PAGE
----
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Albion Tetraploid Perennial Ryegrass

Drought tolerant ryegrass that produces plentiful, high-quality forage long after other grasses have gone dormant.

Albion hand grab with clover.

Albion Tetraploid Perennial Ryegrass (Lolium perenne) is changing the way we think about forages in hot, humid, drought stressed climates. Perennial ryegrass is known for its highly nutritional qualities and also for its susceptibility and poor performance under drought stress, limiting its use to cooler more moderate climates. Now there is an exception to the rule, Albion Tetraploid Perennial Ryegrass – thriving in the traditional ‘tall fescue only’ regions – completely reshaping the adaptability maps.

Nitrogen Icon

Nitrogen Fixation

icon erosion

Erosion Control

icon weed

Weed Control

icon compaction

Compacted Soils

icon recycling

Nutrient Recycling

Water Management Icon

Water Infiltration

icon quick growth

Quick Growth

icon forage

Quality Forage

icon nematode

Nematode Control

icon insect

Beneficial Insectary

key benefit
Species
Lifespan
Root Structure
Carbon Ratio
pH
Ryegrass
Perennial
Fibrous
25:1
5.0-8.0

Planting Instructions:

Drilled
Broadcast
Seeding Rate:
25-30 lbs./acre (monoculture)
10-15 lbs./acre (in mixes)
40-45 lbs./acre (monoculture)
20-25 lbs./acre (in mixes)
Planting Depth:
1/8 – 1/2 inch
Ideal Soil:
Loam to heavy clay soils with a pH of 5.0 – 8.0

Albion Tetraploid Perennial Ryegrass offers excellent performance in areas that experience drought and high humidity. While ryegrasses are not typically known for drought tolerance, Albion has shown notable success. It produces plentiful, high quality forage long after other grasses have wilted and gone dormant.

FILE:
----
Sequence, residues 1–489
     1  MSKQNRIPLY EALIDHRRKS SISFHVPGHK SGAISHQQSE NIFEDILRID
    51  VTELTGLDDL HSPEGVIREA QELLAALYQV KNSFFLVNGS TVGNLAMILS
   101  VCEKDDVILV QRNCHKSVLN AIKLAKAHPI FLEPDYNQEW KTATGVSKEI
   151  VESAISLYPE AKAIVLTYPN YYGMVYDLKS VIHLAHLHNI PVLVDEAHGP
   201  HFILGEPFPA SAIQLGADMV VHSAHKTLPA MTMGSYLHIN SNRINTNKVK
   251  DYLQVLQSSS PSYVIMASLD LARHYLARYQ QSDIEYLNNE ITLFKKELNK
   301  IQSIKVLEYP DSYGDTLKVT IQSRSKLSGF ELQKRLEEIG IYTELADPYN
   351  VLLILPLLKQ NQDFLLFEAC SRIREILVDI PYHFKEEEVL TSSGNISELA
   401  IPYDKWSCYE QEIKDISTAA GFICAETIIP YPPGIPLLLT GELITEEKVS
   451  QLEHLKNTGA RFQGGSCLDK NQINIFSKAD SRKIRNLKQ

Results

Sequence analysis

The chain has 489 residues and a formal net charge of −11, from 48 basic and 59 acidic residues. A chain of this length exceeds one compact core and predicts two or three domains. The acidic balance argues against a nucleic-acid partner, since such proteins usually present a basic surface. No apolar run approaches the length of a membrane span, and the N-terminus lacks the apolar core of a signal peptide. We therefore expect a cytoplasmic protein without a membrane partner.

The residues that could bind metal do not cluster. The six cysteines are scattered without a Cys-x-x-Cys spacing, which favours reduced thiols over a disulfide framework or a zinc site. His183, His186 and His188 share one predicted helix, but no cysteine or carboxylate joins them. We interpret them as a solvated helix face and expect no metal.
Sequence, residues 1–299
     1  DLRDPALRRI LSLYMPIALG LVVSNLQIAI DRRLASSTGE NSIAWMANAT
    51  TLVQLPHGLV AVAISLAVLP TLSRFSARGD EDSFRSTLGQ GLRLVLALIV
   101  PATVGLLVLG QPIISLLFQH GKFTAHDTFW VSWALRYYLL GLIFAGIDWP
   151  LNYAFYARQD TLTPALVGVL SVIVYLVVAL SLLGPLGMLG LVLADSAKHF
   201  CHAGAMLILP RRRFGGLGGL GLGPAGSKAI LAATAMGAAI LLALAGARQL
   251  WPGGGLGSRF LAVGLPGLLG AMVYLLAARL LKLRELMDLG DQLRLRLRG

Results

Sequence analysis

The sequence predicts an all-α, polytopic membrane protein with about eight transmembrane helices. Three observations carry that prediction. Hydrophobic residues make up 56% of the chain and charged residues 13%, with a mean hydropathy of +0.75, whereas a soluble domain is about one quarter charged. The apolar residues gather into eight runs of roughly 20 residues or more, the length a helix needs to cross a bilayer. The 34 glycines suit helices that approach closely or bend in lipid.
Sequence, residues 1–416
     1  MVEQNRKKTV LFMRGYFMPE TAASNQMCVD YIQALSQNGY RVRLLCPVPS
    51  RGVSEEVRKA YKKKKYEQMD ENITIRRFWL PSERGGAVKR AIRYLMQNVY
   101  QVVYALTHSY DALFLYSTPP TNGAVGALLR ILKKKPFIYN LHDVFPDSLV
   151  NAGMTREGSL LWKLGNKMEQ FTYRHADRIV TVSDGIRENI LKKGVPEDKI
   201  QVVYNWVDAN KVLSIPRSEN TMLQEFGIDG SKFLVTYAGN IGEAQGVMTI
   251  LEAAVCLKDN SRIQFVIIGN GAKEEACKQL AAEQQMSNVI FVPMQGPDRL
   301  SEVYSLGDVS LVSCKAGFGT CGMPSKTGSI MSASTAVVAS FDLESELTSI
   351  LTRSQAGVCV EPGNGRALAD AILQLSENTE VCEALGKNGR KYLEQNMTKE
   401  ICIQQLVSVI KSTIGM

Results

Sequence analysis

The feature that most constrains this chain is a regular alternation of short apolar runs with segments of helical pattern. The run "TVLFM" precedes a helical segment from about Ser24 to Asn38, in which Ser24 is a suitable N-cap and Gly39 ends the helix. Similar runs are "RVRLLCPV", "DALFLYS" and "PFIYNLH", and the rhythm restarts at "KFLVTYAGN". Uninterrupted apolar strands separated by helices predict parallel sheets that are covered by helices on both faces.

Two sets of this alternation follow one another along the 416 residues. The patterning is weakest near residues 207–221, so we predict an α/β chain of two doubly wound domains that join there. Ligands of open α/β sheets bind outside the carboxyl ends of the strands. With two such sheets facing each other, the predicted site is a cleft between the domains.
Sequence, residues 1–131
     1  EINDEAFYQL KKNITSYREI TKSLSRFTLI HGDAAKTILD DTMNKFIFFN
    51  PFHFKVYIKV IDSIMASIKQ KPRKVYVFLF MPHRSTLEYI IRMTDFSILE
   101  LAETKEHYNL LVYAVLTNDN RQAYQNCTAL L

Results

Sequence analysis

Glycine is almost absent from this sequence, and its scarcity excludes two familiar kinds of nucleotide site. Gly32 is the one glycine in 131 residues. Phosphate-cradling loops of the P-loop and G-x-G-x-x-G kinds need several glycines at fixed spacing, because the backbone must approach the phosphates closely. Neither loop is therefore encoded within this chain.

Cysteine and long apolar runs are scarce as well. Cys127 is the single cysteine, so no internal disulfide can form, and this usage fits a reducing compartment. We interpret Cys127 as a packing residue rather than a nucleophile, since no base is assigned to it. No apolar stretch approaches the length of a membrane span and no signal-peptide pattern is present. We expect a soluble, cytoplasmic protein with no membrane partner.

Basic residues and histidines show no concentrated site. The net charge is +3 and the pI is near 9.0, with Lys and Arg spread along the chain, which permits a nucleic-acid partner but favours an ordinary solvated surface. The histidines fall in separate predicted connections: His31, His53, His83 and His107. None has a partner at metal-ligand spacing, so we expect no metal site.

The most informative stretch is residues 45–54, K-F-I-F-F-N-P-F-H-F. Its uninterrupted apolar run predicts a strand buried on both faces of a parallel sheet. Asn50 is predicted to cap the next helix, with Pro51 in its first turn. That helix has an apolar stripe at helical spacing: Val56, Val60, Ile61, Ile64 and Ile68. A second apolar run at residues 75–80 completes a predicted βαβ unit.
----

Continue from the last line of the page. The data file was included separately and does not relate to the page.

Nitrogen Fixation Ability to fix nitrogen into your soil for your subsequent cash crops to utilize as fertilizer for growth and energy  
Weed Suppression Ability to suppress weeds by shading soil and releasing allelopathic chemicals  
Beneficial Insectary Ability to attract beneficial insects and reduce your reliance on costly insecticides  
Forage Quality Ability to improve forage quality by suppressing weeds and providing highly nutritious forage  
Nutrient Recycling Ability to store excess nutrients for use in subsequent cash crops  
Quick Growth Ability to increase soil organic matter by accumulating biomass in a short period of time  
Soil Compaction Ability to increase nutrient uptake and root development by breaking up dense and compacted soil  
Erosion Control Ability to hold soil in place to capture and retain moisture from rainfall and prevent topsoil erosion  
Water Management Ability to increase field productivity by improving the drainage of wet soils  
Nematode Resistance Ability to suppress the growth of nematodes by interrupting their reproductive cycles  
Heat Ability to tolerate heat stress caused by warm temperatures and/or limited water availability  
Drought Ability to tolerate periods of limited water availability  
Sub-Freezing Ability to tolerate freezing temperatures for an extended period of time  
Shade Ability to tolerate low light conditions caused by plant competition  
Flood Ability to tolerate standing water or flooded areas for a limited period of time  
Low Fertility Ability to tolerate soils with limited nitrogen, and other mineral resources necessary for growth  
Silage  
Hay  
Grazing  
Stockpile  
Corn  
Cotton  
Rice  
Soybean  
Wheat  
Commodity Classic 2024

Will you be attending Commodity Classic?

GO Seed will once again be attending Commodity Classic! If you’re interested in joining us for farmer led discussions on cover crops with GO Seed Director of Research and soil scientist, Dr. Shannon Cappellazzi, please email us by clicking the button below!
We hope you’ll come by our exhibit space and chat with the team, at space 2803!